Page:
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Posts Tagged ‘Hindi’

Feb
11
2011

They don’t make them like they used to…this Valentine’s Day, we’re taking you back in time with some recommendations for romantic classics in Indian cinema.  Here are our picks:

Hindi

Tere Ghar Ke Samne (1963:  Dev Anand & Nutan Behl).  Dev Anand’s classic film about a young architect who falls in love with the daughter of his father’s business rival.  Lighthearted, fun and with some memorable tunes.

Padosan (1968:  Sunil Dutt & Saira Banu).  A spirited comedy about falling in love with the girl next door.

Telugu

Malliswari (1951:  N.T. Rama Rao & Bhanumathi).  A story set in the days of the Vijayanagara Empire involving a woman whose fate had it written that she live in the royal palace but is in love with a sculptor.  Don’t worry, it’s a happy ending.

Missamma (1955:  N.T. Rama Rao & Savitri).  How can 2 teachers not fall in love when they have to feign marriage to be hired?  Especially when it’s NTR and Savitri.

Bengali

Harano Sur (1957:  Uttam Kumar & Suchitra Sen).  Alok, an amnesiac after a train accident, falls in love with Roma, his doctor, only to forget her when he regains his memory.  Can Roma woo him back?  Kumar and Sen are one of the most magnetic duets in Bengali cinema.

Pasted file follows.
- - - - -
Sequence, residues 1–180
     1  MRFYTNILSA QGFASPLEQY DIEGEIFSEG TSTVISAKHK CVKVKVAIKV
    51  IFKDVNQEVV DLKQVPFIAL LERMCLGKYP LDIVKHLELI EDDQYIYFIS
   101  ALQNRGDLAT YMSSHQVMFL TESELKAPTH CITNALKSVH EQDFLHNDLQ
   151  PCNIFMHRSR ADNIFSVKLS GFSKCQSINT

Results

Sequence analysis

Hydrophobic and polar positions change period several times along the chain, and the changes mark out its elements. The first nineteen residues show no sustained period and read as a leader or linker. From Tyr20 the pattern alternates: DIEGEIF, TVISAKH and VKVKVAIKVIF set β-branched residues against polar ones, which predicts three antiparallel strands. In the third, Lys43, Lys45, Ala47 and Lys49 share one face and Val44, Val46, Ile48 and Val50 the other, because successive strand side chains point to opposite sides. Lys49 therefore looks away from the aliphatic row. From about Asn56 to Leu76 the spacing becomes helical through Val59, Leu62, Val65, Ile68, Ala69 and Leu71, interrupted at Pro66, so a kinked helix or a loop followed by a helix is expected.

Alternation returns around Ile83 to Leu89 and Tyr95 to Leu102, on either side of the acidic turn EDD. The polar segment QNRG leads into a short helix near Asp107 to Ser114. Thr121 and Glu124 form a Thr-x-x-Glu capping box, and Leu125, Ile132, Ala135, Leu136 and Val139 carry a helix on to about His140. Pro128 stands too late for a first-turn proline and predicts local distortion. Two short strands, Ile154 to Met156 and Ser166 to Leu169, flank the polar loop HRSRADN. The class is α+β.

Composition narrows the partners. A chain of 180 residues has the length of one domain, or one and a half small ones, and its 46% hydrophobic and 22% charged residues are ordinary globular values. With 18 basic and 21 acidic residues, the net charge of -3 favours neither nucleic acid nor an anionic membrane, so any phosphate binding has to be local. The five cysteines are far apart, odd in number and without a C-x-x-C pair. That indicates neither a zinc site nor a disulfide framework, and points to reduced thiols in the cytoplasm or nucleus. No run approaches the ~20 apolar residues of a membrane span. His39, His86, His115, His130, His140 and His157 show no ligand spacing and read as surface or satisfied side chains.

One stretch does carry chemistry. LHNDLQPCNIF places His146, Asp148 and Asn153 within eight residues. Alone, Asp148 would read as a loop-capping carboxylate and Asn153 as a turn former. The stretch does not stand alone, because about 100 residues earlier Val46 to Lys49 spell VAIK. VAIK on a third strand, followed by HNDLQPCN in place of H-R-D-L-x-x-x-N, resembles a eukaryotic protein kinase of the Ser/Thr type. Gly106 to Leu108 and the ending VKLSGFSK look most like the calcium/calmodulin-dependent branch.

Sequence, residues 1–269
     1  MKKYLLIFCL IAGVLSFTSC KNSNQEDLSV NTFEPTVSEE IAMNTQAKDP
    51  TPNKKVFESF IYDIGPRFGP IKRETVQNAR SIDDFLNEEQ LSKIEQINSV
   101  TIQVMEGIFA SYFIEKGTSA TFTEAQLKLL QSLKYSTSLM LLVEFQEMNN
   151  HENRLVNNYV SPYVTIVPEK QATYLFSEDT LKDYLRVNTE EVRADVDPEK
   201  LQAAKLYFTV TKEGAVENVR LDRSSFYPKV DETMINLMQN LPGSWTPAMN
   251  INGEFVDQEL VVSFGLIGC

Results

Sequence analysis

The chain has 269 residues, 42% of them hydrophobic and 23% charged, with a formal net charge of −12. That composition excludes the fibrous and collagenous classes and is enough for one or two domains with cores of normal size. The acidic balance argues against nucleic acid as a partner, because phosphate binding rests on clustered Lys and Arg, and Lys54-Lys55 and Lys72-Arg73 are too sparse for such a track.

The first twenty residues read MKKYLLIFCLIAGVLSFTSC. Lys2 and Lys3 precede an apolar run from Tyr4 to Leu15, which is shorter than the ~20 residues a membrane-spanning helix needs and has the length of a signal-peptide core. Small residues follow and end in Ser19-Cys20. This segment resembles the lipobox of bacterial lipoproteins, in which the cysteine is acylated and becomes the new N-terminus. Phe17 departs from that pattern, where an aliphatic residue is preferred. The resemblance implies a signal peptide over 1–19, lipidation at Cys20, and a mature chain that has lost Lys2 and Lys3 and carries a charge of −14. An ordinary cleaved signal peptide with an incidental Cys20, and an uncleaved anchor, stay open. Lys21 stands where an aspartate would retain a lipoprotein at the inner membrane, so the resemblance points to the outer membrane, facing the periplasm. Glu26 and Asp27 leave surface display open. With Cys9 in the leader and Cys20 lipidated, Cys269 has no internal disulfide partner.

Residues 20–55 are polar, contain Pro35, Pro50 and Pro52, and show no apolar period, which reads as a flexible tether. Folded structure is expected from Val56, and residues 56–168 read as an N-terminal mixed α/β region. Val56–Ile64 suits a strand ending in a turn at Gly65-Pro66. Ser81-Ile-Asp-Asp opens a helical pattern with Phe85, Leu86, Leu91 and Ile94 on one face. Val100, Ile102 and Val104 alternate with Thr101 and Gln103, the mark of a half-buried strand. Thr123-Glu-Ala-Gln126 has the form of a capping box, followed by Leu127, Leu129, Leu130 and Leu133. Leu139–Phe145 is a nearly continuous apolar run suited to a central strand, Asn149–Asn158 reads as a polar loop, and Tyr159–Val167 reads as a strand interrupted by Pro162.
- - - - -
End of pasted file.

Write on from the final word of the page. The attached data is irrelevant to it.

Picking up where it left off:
Baksa Badal (1970:  Soumitra Chatterjee & Aparna Sen).  A lighthearted romantic-comedy about two people who have their luggage exchanged during a train journey.  A very cute story.  Screenplay by Satyajit Ray.

Tamil

Thillana Mohanambal (1968:  Shivaji Ganesan & Padmini).  A classical bharathanatyam dancer and a nadaswaram player fall in love.  How artistic is that?

And no list of romantic movies would be complete without one starring Audrey Hepburn.  Love in the Afternoon, starring Audrey and Gary Cooper is as good it can get.

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Aug
11
2010

Want a glimpse of our new products?  Take a look at our Coming Soon page for a peek!  We’ll be formally introducing the new line up during our New Products Week in September, where you’ll be taken behind the scenes to meet the artists and the history behind each project.

Our new line up includes 18 books (3 books offered in Gujarati, Hindi, Tamil, Telugu (and 2 in Kannada), as well 4 precious handmade memory/keepsake books), a fabulous high-style Alphabet Poster, new apron designs and adult-sized aprons, as well as a collection of eco-friendly personalized stationery and prints featuring bold, colourful and (of course) South-Asian-inspired graphics.

So you see, we’ve been quite busy this summer!  Gnaana is growing…thanks to you, our readers and customers…so keep the fire going by spreading the word!

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Aug
5
2010

Sure there’s Jhumpa Lahiri and Arundhati Roy.  But what of Indian fiction written in native languages?  We in the West are pummeled with the importance of reading translations of War and Peace and Madame Bovary, but what of the Tolstoys and Flauberts of India?

I admit I don’t know have a huge knowledgebase of classical Indian fiction writers (meaning, those who write in their native languages).  I picked up few novels while living in Bangalore:  some by Sarat Chandra Chatterji (Devdas (of course), and Parineeta (much better than the movie – and I liked the movie) and Nishkriti (a little disturbing)) and also Tagore (Chokher Bali – absolutely brilliant).